Carmine, also known as cochineal or crimson lake, is made from carminic acid, which is traditionally produced by cochineal insects [Dactylopius coccus, which are scale insects, and often incorrectly referred to as beetles], and more recently is also produced by genetically engineered microbes. The dye originates from Peru and Mexico, where it has been in use for approximately 1500 years. The insects are boiled in ammonia, and alum is added after filtering. In addition to its use as a paint and dye, carmine is used as a food dye, but can cause allergic reactions in some people.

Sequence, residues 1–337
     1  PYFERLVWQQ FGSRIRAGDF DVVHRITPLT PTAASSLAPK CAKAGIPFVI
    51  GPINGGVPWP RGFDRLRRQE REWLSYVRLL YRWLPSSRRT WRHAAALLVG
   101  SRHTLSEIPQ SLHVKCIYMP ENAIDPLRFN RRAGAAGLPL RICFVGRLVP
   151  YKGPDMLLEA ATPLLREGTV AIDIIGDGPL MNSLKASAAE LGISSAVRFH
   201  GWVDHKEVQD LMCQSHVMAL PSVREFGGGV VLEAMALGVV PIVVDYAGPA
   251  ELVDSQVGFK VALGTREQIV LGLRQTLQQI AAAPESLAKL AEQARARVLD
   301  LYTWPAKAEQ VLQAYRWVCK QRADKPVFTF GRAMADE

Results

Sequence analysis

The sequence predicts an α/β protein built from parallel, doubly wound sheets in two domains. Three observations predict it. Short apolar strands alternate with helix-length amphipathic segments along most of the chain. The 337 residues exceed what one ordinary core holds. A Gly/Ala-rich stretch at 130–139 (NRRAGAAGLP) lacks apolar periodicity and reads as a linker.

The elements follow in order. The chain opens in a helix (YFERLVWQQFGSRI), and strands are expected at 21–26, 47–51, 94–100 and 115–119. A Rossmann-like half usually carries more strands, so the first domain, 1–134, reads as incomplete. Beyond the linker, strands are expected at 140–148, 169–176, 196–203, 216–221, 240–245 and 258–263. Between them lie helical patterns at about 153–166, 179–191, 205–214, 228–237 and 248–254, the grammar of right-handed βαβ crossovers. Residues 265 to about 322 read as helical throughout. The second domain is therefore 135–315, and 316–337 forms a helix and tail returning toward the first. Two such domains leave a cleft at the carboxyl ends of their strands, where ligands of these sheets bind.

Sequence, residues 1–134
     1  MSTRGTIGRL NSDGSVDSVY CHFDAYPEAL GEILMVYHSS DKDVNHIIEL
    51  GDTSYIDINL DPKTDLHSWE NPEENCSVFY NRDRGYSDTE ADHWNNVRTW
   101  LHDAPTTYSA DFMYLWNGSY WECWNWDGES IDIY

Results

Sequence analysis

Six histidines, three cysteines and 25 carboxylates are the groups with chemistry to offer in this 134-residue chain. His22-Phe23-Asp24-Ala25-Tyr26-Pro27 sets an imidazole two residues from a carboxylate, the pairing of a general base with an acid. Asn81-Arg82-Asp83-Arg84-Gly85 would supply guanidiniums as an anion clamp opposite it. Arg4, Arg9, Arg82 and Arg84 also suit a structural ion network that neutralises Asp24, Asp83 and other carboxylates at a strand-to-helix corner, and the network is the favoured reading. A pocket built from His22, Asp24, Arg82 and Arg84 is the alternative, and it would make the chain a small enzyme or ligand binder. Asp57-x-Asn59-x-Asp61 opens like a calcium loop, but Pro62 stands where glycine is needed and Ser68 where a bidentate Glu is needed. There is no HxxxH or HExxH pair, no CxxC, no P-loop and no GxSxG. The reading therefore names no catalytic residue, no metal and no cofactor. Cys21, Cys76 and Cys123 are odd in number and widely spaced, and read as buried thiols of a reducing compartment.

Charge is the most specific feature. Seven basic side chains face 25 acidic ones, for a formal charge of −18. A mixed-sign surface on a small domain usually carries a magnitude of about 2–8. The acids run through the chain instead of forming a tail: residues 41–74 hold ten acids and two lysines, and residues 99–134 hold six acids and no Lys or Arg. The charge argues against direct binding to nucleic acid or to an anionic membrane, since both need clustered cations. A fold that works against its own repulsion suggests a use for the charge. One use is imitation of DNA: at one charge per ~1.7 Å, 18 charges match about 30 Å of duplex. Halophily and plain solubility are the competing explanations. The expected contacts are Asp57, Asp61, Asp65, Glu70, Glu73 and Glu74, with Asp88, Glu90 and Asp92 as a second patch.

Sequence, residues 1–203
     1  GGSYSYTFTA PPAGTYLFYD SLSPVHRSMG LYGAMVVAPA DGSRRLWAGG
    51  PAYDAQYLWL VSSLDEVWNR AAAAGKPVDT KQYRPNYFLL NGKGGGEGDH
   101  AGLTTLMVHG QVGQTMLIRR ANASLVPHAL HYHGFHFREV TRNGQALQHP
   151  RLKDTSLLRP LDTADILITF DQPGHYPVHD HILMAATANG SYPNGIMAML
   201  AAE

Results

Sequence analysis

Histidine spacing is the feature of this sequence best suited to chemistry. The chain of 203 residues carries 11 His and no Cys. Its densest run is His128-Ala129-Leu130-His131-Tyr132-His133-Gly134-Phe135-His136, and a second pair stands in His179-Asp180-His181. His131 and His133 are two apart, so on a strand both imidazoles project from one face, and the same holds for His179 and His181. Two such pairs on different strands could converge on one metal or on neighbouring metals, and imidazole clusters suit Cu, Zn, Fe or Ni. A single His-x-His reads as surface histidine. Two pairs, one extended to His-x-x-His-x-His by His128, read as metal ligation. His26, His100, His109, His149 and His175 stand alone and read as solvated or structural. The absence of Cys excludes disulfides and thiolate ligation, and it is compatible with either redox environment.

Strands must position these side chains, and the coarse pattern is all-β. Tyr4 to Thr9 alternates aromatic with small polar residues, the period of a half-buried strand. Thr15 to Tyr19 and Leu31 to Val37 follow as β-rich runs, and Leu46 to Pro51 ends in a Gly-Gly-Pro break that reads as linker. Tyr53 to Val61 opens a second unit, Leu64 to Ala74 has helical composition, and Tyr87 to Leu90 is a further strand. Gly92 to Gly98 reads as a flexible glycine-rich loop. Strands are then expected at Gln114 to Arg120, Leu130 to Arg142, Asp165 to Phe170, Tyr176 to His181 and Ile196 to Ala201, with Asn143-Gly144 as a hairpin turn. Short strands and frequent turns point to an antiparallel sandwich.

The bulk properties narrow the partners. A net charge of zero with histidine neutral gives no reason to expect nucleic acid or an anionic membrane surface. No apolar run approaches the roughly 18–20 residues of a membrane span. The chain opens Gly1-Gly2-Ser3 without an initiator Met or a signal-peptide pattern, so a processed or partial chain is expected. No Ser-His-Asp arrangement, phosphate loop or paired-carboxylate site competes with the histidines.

Pictured: carmine pigment, cochineal insect, Zapotec nests [to trap cochineal insects] on nopal cacti, a worker in a cooperative textile factory in Teotitlan del Valle grinding cochineal insects